If anyone is selling you a universal casting device, run away. That's always a pipe dream. The big guys know it to avoid it and little guys just try to scam you.

Sent from my Pixel 5 using Tapatalk
 

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You misread what I wrote. I said the "Miracast" never caught on. Chromecast is widely popular. But as others have already affirmed Miracast is only a "mirroring" protocol. Google has/had much deeper pockets to develop its product and is the reason that it is more than just a mirroring device. As I indicated further in my reply, with Android TV essentially being a Google product, as far as I can tell all Android TV products come with Chromecast (a Google proprietary capability) built in. Which is why I recommended getting an Android TV device as then you would have 3 different capabilities already built in to one device (1) Mirroring, (2) Casting and (3) Streaming apps. If you purchased a Miracast device expecting it to be more capable than a Chromecast device, I'm sure you found out that that was not the case. Of the two Chromecast is the more capable device. I was trying to appeal to you that there are still even more capable devices than the standard Chromecast. In fact, the new Chromecast with Google TV is still even more capable than the standard original Chromecast because it too has Android TV (now known as Google TV) built right in.

Again, good luck in whatever it is that you are trying to accomplish.
Except that Miracast is 60-70% of the US streaming market (Roku & FireTV - doesnt include Roku TVs and Fire TVs), every major TV manufacturer has Miracast support in all or part of of its lineup, and Microsoft Windows has Miracast add-in support for Windows 7/8, and built-in support in 8.1/10 - pretty hard to claim it "never caught on".

Thanks a lot for the elaborate and informative answers! I Learned a lot, even though noone tried to answer my question :). Maybe some background to the question may help?
I've been using a Chromecast (Model I) and a ChromeCast Audio for years in the way I described: to play music and video from my NAS mediaserver. Just to avoid confusion: I choose music or video using my phone or tablet or PC; then 'cast' it to the Chromecast, which then fetches the signal directly from source. I call this technique 'casting proper' only to avoid confusion.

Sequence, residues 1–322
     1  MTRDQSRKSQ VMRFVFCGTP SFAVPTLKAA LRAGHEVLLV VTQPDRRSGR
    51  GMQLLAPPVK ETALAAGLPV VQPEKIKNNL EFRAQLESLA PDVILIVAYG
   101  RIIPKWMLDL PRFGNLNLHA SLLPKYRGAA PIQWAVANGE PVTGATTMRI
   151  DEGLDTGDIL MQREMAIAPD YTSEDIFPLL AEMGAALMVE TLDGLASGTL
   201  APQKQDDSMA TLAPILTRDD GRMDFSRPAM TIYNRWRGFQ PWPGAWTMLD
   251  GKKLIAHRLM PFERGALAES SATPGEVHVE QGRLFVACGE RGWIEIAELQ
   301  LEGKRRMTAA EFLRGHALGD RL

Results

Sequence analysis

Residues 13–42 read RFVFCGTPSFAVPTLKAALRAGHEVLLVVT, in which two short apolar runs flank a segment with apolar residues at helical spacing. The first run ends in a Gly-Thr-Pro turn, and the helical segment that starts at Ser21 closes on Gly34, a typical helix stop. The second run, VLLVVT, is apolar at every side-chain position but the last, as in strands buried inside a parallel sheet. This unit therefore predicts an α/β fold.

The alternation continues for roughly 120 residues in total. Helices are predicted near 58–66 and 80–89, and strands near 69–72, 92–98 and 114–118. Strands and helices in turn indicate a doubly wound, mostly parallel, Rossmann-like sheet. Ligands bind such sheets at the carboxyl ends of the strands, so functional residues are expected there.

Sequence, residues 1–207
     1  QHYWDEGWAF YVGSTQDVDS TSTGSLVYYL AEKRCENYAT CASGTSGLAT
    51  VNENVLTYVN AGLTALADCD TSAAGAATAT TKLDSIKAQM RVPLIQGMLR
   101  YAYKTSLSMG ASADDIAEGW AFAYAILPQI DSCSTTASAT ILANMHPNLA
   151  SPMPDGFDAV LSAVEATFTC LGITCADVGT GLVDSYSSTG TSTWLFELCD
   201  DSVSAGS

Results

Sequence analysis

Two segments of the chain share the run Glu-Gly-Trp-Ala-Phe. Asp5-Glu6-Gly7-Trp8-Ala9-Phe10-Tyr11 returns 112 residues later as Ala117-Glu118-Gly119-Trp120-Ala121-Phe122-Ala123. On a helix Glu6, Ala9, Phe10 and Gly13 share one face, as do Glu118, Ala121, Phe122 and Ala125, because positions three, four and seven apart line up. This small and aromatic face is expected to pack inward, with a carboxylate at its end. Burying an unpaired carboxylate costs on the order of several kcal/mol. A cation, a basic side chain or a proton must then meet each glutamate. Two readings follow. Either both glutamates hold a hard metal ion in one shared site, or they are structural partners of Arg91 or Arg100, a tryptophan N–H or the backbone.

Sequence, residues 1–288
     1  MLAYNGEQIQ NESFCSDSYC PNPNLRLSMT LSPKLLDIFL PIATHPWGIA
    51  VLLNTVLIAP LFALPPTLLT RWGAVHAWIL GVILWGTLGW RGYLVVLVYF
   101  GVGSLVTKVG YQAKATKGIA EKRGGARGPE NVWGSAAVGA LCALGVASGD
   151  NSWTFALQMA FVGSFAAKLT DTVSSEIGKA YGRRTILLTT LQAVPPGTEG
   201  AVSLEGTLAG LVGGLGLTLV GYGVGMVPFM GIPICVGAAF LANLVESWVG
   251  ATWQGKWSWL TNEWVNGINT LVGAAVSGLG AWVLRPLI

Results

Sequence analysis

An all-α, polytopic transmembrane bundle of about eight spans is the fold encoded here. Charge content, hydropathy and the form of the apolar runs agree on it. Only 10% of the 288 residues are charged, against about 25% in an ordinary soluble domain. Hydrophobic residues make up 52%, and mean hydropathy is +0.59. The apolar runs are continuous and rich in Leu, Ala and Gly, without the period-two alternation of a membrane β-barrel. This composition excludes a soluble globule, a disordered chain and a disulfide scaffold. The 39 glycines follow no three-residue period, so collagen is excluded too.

All works just fine, except for certain file formats: .TS files containing HD-video and (for the CC Audio) AC3 files with 5 channels. From the symptoms - frequent pauses - I suspect the ChromeCast's processor may not be fast enough. As I planned to buy a 3rd dongle anyway, I started looking around for something with a more powerful processor.
Only then I learned that things have changed a lot in the past few years and I wasn't able to even correctly understand the specs and descriptions. As I related, I ordered 3 different 'dongles' doing 'casting' and advertising with support of many formats and a powerful processor able to handle '4K movies' - only to find that none of them does any 'casting proper' as I described.

I think my problem is that the term 'casting' is in fact used for very different techniques. And I'm not the only one, apparently: I suspect at least some manufacturers make use of this confusion by deliberately publishing misleading specs, which then are further propagated by reviewers who apparently didn't even try the device. (OR - a possibility I didn't exclude - these guys know how to install the device in a way I can't.)
So, I'm feeling my way round in the dark. This discussion helped to clarify some things, but as it is never made clear what exactly is meant by 'casting' I'm still left guessing.